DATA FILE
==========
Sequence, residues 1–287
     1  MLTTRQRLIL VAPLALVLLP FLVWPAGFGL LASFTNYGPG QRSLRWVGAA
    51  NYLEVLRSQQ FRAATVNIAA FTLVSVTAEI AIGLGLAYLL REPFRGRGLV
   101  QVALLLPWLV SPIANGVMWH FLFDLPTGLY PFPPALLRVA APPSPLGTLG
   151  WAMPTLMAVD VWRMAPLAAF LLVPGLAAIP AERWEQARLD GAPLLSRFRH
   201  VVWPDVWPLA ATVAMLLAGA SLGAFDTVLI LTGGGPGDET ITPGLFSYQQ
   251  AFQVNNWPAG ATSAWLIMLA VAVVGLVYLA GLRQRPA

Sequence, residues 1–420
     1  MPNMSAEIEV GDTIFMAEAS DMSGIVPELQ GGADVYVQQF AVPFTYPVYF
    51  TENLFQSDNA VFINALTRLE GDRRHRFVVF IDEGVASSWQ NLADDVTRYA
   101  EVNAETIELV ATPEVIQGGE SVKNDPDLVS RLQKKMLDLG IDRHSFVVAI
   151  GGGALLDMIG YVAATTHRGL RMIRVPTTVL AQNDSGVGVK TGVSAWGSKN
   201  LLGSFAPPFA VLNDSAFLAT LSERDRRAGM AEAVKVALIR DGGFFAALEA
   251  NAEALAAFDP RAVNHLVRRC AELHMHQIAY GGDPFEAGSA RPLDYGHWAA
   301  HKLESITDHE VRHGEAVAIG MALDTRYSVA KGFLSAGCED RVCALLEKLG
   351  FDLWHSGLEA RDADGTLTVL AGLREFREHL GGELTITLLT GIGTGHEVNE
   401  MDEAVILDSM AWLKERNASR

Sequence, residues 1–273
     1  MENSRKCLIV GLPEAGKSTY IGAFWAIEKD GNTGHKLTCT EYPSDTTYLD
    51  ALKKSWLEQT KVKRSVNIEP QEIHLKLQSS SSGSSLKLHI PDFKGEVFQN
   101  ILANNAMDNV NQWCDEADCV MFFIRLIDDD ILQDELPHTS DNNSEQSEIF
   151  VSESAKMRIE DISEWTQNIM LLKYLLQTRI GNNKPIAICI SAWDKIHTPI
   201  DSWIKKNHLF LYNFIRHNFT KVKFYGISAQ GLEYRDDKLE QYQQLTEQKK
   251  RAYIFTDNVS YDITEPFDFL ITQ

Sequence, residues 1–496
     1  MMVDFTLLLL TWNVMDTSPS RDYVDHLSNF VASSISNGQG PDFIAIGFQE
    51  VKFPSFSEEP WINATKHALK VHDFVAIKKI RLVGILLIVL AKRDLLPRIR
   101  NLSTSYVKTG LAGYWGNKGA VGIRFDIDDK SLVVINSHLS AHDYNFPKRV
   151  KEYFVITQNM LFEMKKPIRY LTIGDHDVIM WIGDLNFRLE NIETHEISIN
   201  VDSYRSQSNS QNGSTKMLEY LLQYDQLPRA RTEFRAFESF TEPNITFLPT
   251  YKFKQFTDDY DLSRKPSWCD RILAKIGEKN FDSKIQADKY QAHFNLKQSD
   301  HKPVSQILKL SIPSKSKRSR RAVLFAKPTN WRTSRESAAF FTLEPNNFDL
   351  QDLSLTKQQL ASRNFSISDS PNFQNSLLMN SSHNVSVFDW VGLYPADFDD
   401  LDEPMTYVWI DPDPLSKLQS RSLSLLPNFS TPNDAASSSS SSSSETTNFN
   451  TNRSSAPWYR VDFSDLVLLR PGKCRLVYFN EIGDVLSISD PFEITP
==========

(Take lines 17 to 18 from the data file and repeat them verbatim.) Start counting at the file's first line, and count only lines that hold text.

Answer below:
   401  MDEAVILDSM AWLKERNASR

Sequence, residues 1–273